Our take on the key social media channels for PR:
· LinkedIn: Provides an excellent medium for enhancing your thought leadership positioning within your specific market. Creating a company LinkedIn page is highly recommended as it can often be the first impression people have of your organisation before they take the time to visit your website. Regularly posting on LinkedIn and encouraging people in your organisation to share posts with their professional networks increases your reach and builds awareness for your company.
· Twitter: Love it or hate it if you’re not part of the twitterverse you’re missing out on a huge opportunity to engage with your target audiences and even improve employee relations. Tweeting on a regular basis about interesting articles or events in your industry can also go a long way toward establishing your company as a thought leader.
· Instagram: Works best if your brand has good visual content to share – like photos from that charity day your employees volunteered for. Companies in the business to consumer space are likely to have more success engaging with target audiences as compared to a company that is in the business to business arena. Regardless of whether you’re B2C or B2B though, Instagram is useful for showcasing company culture, which can help you connect better with customers and prospects.
· Facebook: On a case by case basis, Facebook can be a good channel for specific news items or company events. We tend to think of Facebook as being more fun than the other social media channels so, in addition to news and company events, we share team lunch and Christmas party photos on ours. If you’re not sure whether Facebook is right for your business, ask your PR team for advice on how extensive your Facebook presence needs to be.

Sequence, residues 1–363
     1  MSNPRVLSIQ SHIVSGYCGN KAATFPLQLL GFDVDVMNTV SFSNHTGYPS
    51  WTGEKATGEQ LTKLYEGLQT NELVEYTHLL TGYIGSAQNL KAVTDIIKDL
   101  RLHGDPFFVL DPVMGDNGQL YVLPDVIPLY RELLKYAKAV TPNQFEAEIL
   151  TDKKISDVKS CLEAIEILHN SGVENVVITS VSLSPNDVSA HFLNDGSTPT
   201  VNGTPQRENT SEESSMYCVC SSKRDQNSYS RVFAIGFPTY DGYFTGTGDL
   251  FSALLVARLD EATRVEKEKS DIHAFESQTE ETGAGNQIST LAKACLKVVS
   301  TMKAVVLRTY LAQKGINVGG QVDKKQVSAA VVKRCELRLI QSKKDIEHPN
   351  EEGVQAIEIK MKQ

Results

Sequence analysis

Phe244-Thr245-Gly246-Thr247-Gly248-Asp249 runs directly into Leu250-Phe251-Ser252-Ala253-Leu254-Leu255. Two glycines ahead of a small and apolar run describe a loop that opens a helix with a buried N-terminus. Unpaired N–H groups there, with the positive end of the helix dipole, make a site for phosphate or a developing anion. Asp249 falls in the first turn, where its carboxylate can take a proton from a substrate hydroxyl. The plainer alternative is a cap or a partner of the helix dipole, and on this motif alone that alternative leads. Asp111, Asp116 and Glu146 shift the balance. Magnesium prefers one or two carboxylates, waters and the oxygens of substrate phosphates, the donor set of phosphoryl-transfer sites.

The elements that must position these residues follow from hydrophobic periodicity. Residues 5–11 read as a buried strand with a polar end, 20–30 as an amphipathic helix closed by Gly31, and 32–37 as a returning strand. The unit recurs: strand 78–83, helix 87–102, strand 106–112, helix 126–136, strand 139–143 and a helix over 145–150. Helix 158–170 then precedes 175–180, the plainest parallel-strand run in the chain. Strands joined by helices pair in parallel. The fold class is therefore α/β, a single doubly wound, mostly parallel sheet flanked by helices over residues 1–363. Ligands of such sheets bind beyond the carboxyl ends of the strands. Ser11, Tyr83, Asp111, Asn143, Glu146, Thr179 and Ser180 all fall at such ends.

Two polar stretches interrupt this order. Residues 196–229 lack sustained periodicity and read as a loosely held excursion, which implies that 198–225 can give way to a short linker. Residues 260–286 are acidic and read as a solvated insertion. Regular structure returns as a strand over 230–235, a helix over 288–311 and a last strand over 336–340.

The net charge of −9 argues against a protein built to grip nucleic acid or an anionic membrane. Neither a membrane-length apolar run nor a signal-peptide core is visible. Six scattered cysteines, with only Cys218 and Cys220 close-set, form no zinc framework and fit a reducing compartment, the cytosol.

With all of these social platforms, it’s important to keep in mind the level of effort needed to keep them up to date and relevant. Designating a digital media champion in your organisation can help. This person can work closely with your PR team to ensure social media outreach is working best for your company. It’s also essential that your company has a social media policy in place to ensure all employees know what is acceptable for posting and sharing, and the importance of representing your brand and company vision with integrity.
At TechComms, we’ve worked successfully with clients to create social media strategies that complement their marketing and PR goals. We’d welcome the opportunity to work together so contact us via email@example.com to see how we can help you create one for your business.
One thing we can count on in business is change. Sometimes these are small changes—minor tremors that shift the balance and other times they are seismic shifts like in the case of a company merging with another company or being outright acquired by a company or investment firm. When times are A-Changin’, your PR team can be your best ally in helping to keep the transition smooth with both your internal and external audiences.
First things first
We’ve stressed this before in our blog: Five Ways to Strengthen your PR Relationship, but it bears repeating –the earlier you engage with us on big news the better. We are under NDA. We will not share or leak or do anything that could jeopardise the announcement of your news. We will NOT do this. So please call us as soon as possible and give us as much background and details as you can. While your internal team is working on the FAQ documents, customer communications, etc., we will get to work drafting a press release. Often times nailing the press release messages can be the best way to approach your overall communication strategy. It forces everyone to stop and think about how you want this news conveyed to your public audiences and the words your executives will use to deliver key messages.
Working with the other side